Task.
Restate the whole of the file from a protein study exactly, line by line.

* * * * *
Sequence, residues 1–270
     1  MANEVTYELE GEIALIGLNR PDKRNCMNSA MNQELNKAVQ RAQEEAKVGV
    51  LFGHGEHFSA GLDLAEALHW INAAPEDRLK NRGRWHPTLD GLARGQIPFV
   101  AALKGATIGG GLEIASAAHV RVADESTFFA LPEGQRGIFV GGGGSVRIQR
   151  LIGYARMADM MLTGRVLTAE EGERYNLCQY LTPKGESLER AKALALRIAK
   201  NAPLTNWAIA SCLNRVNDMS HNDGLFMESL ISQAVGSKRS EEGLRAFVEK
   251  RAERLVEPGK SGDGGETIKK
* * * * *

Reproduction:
Sequence, residues 1–270
     1  MANEVTYELE GEIALIGLNR PDKRNCMNSA MNQELNKAVQ RAQEEAKVGV
    51  LFGHGEHFSA GLDLAEALHW INAAPEDRLK NRGRWHPTLD GLARGQIPFV
   101  AALKGATIGG GLEIASAAHV RVADESTFFA LPEGQRGIFV GGGGSVRIQR
   151  LIGYARMADM MLTGRVLTAE EGERYNLCQY LTPKGESLER AKALALRIAK
   201  NAPLTNWAIA SCLNRVNDMS HNDGLFMESL ISQAVGSKRS EEGLRAFVEK
   251  RAERLVEPGK SGDGGETIKK